Half of the world’s self-made women billionaires are from China

Chen Lihua started out in furniture repair and is now the world’s richest self-made woman.
Chen Lihua started out in furniture repair and is now the world’s richest self-made woman.
Image: Reuters/Lucas Jackson
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Half of the world’s female billionaires who made their own fortunes are Chinese. That’s according to a global ranking of women executives released today (Sept. 17). In the Hurun Report’s list of rich and powerful women (link in Chinese) of the year, 14 of the 28 female entrepreneurs with assets of more than $1 billion (as of Aug. 15) were from mainland China.

That’s notable given China’s long history of gender discrimination. At the top of the list is Chen Lihua, 72, of the real estate firm Fu Wah, whose fortune of 37 billion renminbi (about $6 billion) outpaces that of the recently deceased Rosalia Mera, head of Inditex who was regarded as the richest self-made female entrepreneur in the world when she died. According to the Hurun list, Wu Yajun, 49, a former journalist and founder of the real estate firm Longfor; Zhang Yin, 56, who buys and ships scrap paper from the US to China; and Zhang Xin, 48 of real estate developer Soho China, are all wealthier than Oprah Winfrey.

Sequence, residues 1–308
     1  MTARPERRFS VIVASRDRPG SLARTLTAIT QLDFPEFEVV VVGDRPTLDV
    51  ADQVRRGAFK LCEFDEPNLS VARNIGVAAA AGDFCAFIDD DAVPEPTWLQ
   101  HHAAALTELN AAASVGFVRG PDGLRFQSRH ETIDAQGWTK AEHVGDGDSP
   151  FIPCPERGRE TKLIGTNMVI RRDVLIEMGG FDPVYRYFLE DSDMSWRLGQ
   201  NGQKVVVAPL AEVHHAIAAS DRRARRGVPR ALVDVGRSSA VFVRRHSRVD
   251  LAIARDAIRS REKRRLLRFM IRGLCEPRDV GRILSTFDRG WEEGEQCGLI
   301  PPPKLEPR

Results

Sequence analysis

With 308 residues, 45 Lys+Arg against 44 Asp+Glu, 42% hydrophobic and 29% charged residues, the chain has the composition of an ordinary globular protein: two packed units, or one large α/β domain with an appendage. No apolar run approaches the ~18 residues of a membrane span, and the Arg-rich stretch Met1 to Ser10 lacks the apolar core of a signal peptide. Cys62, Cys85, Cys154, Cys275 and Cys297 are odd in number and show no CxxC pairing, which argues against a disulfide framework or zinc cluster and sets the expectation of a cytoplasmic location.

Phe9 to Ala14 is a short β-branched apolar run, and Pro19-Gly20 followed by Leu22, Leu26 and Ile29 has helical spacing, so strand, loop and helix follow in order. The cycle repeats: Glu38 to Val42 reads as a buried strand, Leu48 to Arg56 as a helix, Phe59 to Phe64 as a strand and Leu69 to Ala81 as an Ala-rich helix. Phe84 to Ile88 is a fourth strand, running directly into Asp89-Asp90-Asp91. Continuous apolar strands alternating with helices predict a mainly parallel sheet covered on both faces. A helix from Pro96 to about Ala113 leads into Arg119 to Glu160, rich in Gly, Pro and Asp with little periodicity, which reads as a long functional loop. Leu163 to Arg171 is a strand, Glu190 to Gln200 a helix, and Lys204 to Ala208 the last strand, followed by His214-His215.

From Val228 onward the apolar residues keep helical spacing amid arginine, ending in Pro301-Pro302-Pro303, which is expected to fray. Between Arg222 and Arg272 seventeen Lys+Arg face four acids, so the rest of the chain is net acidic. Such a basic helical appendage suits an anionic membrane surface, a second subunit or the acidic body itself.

Their rags-to-riches stories—Zhang once worked in a garment factory and, while studying in the UK, in a fish-and-chip shop, while Chen got her start running a furniture-repair operation—are particularly compelling in a country where many millions have come out of poverty in recent decades and where the one-child policy that began in the 80s has heightened a preference for male children and led to long-standing neglect of girls’ education and career prospects.

All of that seems to be changing. Today, most Chinese women work—as many as 70% by some estimates. A paradoxical side-effect of the one-child policy is that although parents prefer boys, parents with a daughter who is their only child have been more likely to send her to school than if she had been one of several. As of 2011, Chinese women accounted for 20% (pdf, p. 21) of all entrepreneurs in the country, according to government statistics.

Still, it’s hard for Chinese women to start their own businesses. Researchers Tonia Warnecke, Lucas Hernandez, and Nicholas Nunn from Rollins College argued in a paper last year (pdf) that many Chinese women start businesses because they can’t find employment elsewhere—and often in the lower-paying informal economy. Women are still shut out of male-dominated networks in a business culture where guanxi, or personal connections, matter greatly. On top of that, they’re under pressure to marry and settle down before the age of 30, and have more trouble than men getting financing for new businesses.